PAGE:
The WMO will finally confirm this in its provisional State of the Global Climate 2023 report, which will be released on November 30 – the opening day of the 28th session of the UN Climate Change conference (COP28) – in Dubai. It posted the NOAA’s findings on micro-blogging site ‘X’ late Wednesday night.
Using several international datasets, the global Met body had last week said that it was by far the warmest October on record, 0.85 degree Celsius above the 1991-2020 average, and 0.40 degree C above the previous warmest October.
“For the calendar year to date, January to October, the global mean temperature for 2023 is the highest on record, 1.43 degree C above the 1850-1900 pre-industrial average, and 0.10 degree C higher than the ten-month average for 2016 (the warmest year on record, so far),” it said.
Referring to average temperature in October which was ranked as the warmest October in the 174-year global climate record, the NOAA on Wednesday said, “Last month was also 2023’s fifth month in a row of record-warm global temperatures… The average global temperature for October was 1.34 degrees C above the 20th-century average of 14 degrees C.”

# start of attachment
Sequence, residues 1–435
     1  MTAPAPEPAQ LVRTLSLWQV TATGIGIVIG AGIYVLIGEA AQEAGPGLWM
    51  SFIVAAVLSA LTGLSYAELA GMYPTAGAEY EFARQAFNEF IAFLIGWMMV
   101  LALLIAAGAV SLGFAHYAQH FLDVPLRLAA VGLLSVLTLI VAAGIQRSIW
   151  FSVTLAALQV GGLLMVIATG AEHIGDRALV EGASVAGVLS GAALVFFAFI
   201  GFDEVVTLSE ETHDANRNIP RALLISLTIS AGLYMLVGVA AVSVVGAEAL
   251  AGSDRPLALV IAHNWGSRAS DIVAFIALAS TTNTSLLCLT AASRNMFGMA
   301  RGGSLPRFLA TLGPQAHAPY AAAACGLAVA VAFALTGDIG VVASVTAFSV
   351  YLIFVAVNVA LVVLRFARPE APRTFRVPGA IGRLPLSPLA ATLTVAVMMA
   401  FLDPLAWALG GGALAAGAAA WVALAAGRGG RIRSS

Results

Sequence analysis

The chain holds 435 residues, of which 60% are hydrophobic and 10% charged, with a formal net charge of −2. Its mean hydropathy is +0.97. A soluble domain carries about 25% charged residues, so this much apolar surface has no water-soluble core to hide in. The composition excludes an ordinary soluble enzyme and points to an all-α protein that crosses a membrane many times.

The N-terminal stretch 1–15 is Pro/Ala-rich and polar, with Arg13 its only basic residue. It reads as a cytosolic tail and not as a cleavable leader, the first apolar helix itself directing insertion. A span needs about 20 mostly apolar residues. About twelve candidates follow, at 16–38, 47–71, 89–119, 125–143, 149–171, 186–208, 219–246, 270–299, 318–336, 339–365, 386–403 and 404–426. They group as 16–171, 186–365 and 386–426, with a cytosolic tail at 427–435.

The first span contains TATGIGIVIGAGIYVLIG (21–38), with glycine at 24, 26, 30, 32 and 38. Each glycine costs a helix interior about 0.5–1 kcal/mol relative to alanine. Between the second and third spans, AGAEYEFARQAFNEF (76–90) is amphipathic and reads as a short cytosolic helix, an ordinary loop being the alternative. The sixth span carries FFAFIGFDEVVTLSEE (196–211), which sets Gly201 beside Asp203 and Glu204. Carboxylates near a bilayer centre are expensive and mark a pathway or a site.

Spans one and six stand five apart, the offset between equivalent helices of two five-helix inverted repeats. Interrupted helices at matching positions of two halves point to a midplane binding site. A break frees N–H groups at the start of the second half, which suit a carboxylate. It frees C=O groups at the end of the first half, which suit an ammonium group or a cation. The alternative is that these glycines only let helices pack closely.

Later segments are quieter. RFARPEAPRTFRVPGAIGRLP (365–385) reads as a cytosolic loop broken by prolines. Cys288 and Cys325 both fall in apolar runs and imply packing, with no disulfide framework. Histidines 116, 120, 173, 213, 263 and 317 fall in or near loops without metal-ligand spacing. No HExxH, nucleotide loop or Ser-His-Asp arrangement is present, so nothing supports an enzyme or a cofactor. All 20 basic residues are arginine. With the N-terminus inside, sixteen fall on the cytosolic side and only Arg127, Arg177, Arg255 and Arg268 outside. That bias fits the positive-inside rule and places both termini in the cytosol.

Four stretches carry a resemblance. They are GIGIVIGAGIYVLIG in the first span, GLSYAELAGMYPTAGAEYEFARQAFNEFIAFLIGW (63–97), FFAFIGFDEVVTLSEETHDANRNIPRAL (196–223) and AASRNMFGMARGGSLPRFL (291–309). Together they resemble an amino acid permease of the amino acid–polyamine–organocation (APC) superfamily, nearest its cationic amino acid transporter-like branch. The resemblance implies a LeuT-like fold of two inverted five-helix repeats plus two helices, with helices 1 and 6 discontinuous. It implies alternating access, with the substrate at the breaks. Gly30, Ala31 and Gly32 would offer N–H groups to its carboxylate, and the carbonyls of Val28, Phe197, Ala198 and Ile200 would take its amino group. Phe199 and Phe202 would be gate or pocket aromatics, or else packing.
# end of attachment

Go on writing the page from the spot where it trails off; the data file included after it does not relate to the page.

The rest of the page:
A report from WMO and the UK’s Met Office had predicted in May that there is a 98% likelihood that at least one of the next five years will be the warmest on record and a 66% chance of temporarily exceeding 1.5 degree C above the 1850-1900 average (safe warming limit under the Paris Agreement) for at least one of the five years.“This does not mean that we will permanently exceed the 1.5 degree C level specified in the Paris Agreement which refers to long-term warming over many years,” said WMO while bringing clarity on the monthly average global temperature rise.Looking regionally, the NOAA’s National Centers for Environmental Information on Wednesday underlined that Asia and South America had their warmest Octobers on record, while Africa, Europe and North America each had their second-warmest Octobers.